It's not what you achieve in life...It's what you overcome!

  6. #6
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    Quote Originally Posted by Tom Baugues View Post
    Thanks Vaughn, I'll look it up.
    I found it, Tom...

    http://familywoodworking.org/forums/...ad.php?t=13507

    Note that in post #29 I make a correction on the size of the tool bits. They were 3/6" bits, not 1/4".
    When the going gets weird, the weird turn pro. - Hunter S. Thompson
    When the weird get going, they start their own forum. - Vaughn McMillan

    workingwoods.com

  7. #7
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    I hear your pain Tom. I had to move mine away from the wall a few inches.
    Bernie W.

    Retirement: Thats when you return from work one day
    and say, Hi, Honey, Im home forever.

    To succeed in life, you need three things: a wishbone, a backbone and a funnybone.

  8. #8
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    Quote Originally Posted by Vaughn McMillan View Post
    I found it, Tom...

    http://familywoodworking.org/forums/...ad.php?t=13507

    Note that in post #29 I make a correction on the size of the tool bits. They were 3/6" bits, not 1/4".
    Thanks Vaughn, that helps alot. I have quite a bit of stainless steel shaft here now of several different sizes to make tools with. I saved several old shafts from some machine repair work that I do. I should have enough for a dozen or so tools if needed. I'll now have to be on the look out for square HSS bits.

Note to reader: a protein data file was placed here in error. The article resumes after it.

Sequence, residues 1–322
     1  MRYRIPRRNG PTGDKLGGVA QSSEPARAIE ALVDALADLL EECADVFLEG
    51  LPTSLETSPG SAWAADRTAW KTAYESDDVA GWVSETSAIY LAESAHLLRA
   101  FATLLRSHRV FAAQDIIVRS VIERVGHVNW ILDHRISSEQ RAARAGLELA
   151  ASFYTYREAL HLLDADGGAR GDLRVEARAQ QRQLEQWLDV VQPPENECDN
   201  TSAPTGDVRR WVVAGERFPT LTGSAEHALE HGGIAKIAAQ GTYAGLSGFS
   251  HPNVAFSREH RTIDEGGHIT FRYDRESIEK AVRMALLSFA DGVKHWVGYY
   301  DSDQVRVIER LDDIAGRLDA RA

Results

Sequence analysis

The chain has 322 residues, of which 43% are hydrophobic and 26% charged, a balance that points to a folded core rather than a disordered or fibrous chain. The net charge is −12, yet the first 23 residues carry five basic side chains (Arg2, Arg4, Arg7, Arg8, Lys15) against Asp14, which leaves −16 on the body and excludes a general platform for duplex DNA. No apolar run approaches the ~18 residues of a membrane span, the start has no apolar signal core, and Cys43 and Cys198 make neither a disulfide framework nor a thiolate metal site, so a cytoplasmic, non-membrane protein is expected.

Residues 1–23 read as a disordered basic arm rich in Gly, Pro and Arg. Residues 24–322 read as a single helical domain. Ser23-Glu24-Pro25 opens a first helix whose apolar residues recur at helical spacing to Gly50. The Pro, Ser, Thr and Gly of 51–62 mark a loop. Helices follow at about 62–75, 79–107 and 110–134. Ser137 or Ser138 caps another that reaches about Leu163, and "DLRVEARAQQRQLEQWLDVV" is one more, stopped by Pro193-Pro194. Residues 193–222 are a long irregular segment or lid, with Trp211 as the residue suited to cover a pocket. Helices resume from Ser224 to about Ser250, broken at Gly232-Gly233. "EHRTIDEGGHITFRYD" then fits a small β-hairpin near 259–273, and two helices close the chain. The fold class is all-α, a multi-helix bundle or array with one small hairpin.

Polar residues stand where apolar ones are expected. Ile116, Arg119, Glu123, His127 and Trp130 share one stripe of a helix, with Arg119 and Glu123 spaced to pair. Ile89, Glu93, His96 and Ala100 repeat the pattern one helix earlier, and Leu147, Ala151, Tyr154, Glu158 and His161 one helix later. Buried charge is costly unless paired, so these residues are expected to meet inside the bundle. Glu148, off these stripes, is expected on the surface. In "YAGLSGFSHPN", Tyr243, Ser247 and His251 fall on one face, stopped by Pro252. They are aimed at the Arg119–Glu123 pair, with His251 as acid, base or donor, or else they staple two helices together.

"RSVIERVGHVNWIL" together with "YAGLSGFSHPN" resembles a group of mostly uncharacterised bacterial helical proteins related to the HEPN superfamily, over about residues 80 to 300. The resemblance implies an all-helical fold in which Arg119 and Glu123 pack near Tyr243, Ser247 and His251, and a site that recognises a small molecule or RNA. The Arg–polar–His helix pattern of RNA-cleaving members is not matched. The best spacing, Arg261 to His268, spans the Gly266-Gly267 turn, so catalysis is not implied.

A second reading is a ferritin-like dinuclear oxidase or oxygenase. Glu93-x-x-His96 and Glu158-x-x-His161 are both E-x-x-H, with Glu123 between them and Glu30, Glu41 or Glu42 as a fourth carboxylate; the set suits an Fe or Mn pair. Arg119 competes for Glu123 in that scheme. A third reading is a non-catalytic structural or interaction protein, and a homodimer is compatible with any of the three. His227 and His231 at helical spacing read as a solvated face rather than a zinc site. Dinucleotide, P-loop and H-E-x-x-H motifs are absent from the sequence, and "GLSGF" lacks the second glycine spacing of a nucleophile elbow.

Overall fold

It's not what you achieve in life...It's what you overcome!

  9. #9
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    Quote Originally Posted by Tom Baugues View Post
    ...I'll now have to be on the look out for square HSS bits.
    Look no further...

    http://www.use-enco.com/CGI/INSRAR?PMSECT=0000000747

    Pick a size and material. In my experience, the HSS ones work just as well as the cobalt ones. (As I understand it, metalworking benefits from using the cobalt bits because they withstand high temps better. Cutting wood doesn't get the bits hot enough to make a difference.) I've bought the 2" or 3" long ones and cut them (snapped, actually) into two shorter bits.
    When the going gets weird, the weird turn pro. - Hunter S. Thompson
    When the weird get going, they start their own forum. - Vaughn McMillan

    workingwoods.com

  10. #10
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    Quote Originally Posted by Vaughn McMillan View Post
    I found it, Tom...

    http://familywoodworking.org/forums/...ad.php?t=13507

    Note that in post #29 I make a correction on the size of the tool bits. They were 3/6" bits, not 1/4".
    I am supposing you meant 3/16?

    And what is meant by back rest is it the part the back of the tool steel holder slides through that captures it & keeps it from twisting or turning?
    "Forget the flat stuff slap something on the spinny thing and lets go, we're burning daylight" Bart Leetch
    "If it ain't round you may be a knuckle dragger""Turners drag their nuckles too, they just do it at a higher RPM"Bart